Proper 14 • Ephesians 4:17–5:2 • August 9, 2015

By James Voelz

This pericope is typical of the latter portion of Paul’s letters, that is, it deals with everyday matters of the Christian life (cf. 2 Thes 3). As is the case in most of Paul’s letters the first portion of Ephesians focuses upon more overtly doctrinal matters, the second on more practical concerns. In this study, I will discuss several grammatical matters first, and then turn to a more general discussion of apostolic paraenesis, that is, exhortations from the apostle to believers in the addressed congregation concerning Christian living.


4:17: μηκέτι περιπατεῖν: Note the use of the present/first principal part infinitive, in apposition to τοῦτο at the beginning of the verse. This indirect discourse construction after a verb of speaking represents an imperative mood verb. With μηκέτι, it indicates that people should “sever the connection,” that is, stop doing what they are doing. ὑμᾶς is the accusative subject of the infinitive.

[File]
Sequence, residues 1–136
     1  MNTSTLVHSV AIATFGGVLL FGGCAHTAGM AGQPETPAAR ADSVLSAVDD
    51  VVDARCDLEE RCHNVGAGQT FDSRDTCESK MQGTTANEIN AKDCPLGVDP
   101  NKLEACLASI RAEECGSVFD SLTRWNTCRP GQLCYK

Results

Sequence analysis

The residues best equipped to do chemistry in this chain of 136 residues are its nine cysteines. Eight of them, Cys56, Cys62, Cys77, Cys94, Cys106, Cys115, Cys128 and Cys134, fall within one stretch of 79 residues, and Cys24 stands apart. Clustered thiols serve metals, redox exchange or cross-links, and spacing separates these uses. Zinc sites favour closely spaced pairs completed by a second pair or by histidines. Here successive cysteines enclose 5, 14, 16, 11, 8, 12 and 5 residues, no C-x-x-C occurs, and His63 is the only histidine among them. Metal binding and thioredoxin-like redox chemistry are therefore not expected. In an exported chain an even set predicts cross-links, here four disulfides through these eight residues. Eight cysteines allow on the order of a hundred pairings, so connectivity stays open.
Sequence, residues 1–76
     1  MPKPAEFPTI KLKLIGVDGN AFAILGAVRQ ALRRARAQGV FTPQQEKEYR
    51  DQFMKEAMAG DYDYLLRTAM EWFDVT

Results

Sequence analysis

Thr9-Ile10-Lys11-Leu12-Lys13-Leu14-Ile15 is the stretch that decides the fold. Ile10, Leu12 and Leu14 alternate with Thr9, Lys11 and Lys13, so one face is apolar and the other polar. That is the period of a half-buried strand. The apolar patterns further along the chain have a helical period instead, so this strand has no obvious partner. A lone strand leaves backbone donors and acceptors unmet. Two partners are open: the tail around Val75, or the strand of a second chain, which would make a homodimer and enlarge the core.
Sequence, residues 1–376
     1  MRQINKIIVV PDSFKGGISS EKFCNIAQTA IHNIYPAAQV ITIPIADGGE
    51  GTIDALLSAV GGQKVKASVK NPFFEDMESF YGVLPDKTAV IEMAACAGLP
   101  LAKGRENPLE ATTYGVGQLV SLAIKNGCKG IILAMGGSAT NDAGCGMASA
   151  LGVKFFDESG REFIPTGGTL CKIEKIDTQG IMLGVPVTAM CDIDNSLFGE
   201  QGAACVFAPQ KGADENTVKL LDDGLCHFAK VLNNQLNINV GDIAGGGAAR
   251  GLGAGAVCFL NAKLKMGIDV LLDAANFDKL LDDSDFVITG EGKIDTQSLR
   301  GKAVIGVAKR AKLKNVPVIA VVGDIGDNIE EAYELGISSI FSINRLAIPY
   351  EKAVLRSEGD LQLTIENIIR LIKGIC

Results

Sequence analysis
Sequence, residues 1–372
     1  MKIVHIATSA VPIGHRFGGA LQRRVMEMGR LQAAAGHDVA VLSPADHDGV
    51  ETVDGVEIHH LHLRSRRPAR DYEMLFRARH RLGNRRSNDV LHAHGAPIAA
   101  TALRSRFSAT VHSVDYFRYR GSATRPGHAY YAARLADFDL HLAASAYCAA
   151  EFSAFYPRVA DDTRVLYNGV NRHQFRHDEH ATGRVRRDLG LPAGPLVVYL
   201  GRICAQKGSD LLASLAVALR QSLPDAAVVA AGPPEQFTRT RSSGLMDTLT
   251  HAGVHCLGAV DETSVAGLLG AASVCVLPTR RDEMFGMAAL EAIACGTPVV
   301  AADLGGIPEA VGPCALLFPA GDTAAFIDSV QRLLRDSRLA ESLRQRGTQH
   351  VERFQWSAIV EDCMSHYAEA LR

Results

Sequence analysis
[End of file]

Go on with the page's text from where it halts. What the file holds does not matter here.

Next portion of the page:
4:18: ἐσκοτωμένοι: A fine perfect passive participle, denoting the condition of the nations/Gentiles. (ἀπηλλοτριωμένοι functions in the same way.) Note the construction ad sensum: while ἔθνη is neuter, the sense is multiple people, so the participle is masculine (rather than neuter) plural.

4:22: ἀποθέσθαι ὑμᾶς: The pronoun is the subject of this infinitive, not its object. Note that the infinitive is middle voice, not active, indicating that this is something important and something about which the subject is concerned.

4:23: ἀνανεοῦσθαι: this infinitive continues the construction of v. 22, but notice that it is first principal part/present, not aorist. This stem indicates some sort of connection, for example, that the “you” actually be renewed or continually be renewed.

4:24: ἐνδύσασθαι: Verbs of dressing and personal hygiene normally take the middle voice.

4:25: Note the appeal to being members of one another (μέλη). See the parallel in Romans 12:5.

4:26, 28, 29, 31: In each of these verses there is a third person singular imperative. These are normally translated “let . . .” (or “do not let . . .”), but this must not be understood as indicating giving or withholding permission. (To convey permission, Greek uses another construction.) This is a command to someone who/something which is not present or unknown. Thus, it conveys the idea of “ought”: “The sun ought never go down on your wrath” (v. 26); “The thief ought no longer steal” (v. 27).